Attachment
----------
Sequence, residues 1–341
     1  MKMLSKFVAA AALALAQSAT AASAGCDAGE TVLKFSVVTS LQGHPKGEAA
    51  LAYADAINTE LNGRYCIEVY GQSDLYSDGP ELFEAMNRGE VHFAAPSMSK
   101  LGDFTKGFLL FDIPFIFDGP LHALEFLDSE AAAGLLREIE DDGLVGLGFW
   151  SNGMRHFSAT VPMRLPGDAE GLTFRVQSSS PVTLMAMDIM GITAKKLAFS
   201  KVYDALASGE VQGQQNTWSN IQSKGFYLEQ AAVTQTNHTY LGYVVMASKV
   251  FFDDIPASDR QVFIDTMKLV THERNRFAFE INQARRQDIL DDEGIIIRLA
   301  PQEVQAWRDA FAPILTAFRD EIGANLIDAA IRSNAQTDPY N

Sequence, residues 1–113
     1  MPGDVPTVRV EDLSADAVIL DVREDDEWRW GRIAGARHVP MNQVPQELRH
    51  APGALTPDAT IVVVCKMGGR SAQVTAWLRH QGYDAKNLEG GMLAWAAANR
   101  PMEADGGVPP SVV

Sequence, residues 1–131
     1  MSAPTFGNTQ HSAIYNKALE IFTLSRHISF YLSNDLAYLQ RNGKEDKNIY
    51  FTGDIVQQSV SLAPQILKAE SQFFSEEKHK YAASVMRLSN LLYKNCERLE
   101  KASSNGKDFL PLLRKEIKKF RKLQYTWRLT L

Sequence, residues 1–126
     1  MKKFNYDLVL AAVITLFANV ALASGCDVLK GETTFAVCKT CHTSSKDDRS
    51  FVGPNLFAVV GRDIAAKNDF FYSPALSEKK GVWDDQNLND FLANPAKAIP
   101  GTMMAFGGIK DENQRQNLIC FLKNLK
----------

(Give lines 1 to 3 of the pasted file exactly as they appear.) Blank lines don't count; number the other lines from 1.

Sequence, residues 1–341
     1  MKMLSKFVAA AALALAQSAT AASAGCDAGE TVLKFSVVTS LQGHPKGEAA
    51  LAYADAINTE LNGRYCIEVY GQSDLYSDGP ELFEAMNRGE VHFAAPSMSK